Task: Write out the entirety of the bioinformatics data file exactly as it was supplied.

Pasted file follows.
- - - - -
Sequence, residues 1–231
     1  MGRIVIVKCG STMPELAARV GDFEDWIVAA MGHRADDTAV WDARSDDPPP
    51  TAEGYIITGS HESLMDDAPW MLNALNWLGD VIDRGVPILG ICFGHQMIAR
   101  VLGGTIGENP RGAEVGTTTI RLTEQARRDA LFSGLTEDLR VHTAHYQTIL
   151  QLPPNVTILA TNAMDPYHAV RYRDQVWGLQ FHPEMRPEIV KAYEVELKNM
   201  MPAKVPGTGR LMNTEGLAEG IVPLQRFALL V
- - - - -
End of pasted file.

Sequence, residues 1–231
     1  MGRIVIVKCG STMPELAARV GDFEDWIVAA MGHRADDTAV WDARSDDPPP
    51  TAEGYIITGS HESLMDDAPW MLNALNWLGD VIDRGVPILG ICFGHQMIAR
   101  VLGGTIGENP RGAEVGTTTI RLTEQARRDA LFSGLTEDLR VHTAHYQTIL
   151  QLPPNVTILA TNAMDPYHAV RYRDQVWGLQ FHPEMRPEIV KAYEVELKNM
   201  MPAKVPGTGR LMNTEGLAEG IVPLQRFALL V